William Arkin Ignites a Controversy

On January 31, William Arkin of the Washington Post chastised American troops in Iraq who complained about the news coverage back home. The troops had the brazenness to ask critics to visit Iraq and see what was going on first hand before they criticized.

It would seem that the troops have a reasonable complaint about news coverage that is relentlessly negative, with nary a mention of heroic and humane efforts by the troops. The abuse at Abu Grab makes the headlines day after day, but the soldier who crawls under gunfire to rescue a civilian is largely ignored.

Arkin has a different view. Arkin claimed that the troops had enjoyed tremendous support and the provision of “obscene amenities” (whatever they are) despite the murders of civilians and abuses at Abu Grab. Does Arkin believe such events were typical rather than aberrations? Suggesting that American troops were “mercenary,” Arkin was tired of their complaints because it “wasn’t for them to disapprove of the American people.” Rights to criticize presumably are reserved for Washington Post writers.

As anyone with a marginal perception of public sentiment could easily predict, there was a deluge of outrage expressed on the forum pages of the Washington Post, as well as countless blogs, and even from US Senators.

In response, Arkin whined indignantly about those who disagreed with him. Admittedly, some of Arkin’s reader mail could euphemistically be described as colorfully disrespectful. Arkin tried to about wrap himself in the protective cloak of victimhood, fretting that he was being censored. Arkin must learn to master the difference between censorship and the rights of others to criticize him. If he can complain about the way the troops are doing their job, certainly others enjoy a right to criticize the way Arkin performs his.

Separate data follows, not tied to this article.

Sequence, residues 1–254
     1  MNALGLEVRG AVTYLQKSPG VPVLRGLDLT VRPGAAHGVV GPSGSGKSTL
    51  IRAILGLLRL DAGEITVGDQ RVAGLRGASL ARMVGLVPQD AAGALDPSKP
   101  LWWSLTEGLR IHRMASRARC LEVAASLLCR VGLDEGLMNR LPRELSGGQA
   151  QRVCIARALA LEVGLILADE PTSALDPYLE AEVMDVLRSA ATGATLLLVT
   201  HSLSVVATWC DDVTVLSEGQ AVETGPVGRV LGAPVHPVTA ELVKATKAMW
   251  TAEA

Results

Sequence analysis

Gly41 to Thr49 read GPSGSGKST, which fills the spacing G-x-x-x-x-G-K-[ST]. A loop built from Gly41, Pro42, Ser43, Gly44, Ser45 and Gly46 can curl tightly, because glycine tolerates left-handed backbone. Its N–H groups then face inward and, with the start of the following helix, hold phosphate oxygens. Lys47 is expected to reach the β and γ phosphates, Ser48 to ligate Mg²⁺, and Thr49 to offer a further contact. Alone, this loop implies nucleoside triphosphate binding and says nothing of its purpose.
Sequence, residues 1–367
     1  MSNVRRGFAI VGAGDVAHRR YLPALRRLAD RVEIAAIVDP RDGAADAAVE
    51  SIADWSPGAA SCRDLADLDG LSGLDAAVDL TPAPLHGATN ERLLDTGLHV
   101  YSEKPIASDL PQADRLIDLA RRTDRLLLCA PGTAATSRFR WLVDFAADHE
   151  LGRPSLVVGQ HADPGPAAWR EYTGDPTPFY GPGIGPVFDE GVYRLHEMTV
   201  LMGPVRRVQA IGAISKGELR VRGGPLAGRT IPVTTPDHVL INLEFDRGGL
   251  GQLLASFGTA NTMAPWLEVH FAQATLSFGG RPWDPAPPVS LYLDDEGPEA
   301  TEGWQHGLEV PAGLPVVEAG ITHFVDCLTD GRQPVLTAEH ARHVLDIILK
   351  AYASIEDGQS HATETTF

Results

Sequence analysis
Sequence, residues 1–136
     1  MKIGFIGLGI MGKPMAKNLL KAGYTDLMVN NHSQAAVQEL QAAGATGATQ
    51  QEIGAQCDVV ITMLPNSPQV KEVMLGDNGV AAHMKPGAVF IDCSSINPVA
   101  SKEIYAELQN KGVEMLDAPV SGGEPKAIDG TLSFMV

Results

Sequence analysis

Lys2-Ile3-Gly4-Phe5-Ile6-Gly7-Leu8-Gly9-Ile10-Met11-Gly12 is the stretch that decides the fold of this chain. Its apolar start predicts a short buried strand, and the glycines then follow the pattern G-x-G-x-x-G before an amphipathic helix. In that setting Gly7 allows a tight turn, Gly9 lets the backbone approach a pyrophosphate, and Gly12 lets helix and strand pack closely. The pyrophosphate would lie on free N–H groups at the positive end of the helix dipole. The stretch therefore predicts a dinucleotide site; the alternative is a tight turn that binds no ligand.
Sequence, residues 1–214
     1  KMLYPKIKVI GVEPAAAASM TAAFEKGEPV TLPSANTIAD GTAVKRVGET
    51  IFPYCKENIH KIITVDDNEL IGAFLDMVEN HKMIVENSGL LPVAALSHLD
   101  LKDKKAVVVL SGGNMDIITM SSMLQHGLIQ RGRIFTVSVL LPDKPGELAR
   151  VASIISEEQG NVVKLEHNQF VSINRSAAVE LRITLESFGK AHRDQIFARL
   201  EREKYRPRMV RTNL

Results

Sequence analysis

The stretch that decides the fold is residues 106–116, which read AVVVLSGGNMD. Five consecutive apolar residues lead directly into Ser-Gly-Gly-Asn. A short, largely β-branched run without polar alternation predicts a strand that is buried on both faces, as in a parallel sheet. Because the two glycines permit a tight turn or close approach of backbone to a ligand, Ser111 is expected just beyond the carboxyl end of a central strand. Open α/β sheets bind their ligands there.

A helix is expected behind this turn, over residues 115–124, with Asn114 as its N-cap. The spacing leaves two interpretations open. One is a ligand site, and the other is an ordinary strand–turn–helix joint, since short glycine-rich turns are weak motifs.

Arkin belated conceded that, “I knew when I used the word `mercenary’ in my Tuesday column that I was being highly inflammatory.” If Arkin knew he was being “inflammatory,” then why was he surprised when he ignited a reaction? When writers are deliberately provocative, it seems hypocritical for them to be upset when they succeed in provoking.

But wait, it is the readers fault for misunderstanding Arkin. Later Arkin writes: “Mercenary, of course, is an insult and pejorative, and it does not accurately describe the condition of the American soldier today. I sincerely apologize to anyone in the military who took my words literally.” So which is it? Was Arkin being purposely inflammatory, or was he using mercenary as a mild metaphor?

Arkin’s original point had some merit. One can criticize the wisdom of the war in Iraq, was without condemning the troops, indeed even while strongly supporting them. However, Arkin then goes on to trash the troops, suggesting that the American people have put up with a lot of shenanigans from the troops. Arkin inadvertently tramples upon his own thesis and adds further evidence to the notion that those who are against the war harbor not-a-little anti-military sentiment.

Leave a Reply

You must be logged in to post a comment.